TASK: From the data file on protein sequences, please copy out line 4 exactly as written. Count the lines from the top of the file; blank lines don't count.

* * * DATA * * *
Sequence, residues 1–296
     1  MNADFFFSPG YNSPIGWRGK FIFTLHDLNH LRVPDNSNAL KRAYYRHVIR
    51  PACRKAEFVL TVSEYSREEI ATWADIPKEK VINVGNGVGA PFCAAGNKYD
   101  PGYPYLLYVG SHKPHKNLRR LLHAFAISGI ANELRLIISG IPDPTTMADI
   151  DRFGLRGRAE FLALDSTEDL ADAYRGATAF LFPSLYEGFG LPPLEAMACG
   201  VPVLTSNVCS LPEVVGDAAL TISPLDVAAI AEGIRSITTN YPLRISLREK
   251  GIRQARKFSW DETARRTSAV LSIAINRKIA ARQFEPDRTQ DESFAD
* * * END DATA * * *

   101  PGYPYLLYVG SHKPHKNLRR LLHAFAISGI ANELRLIISG IPDPTTMADI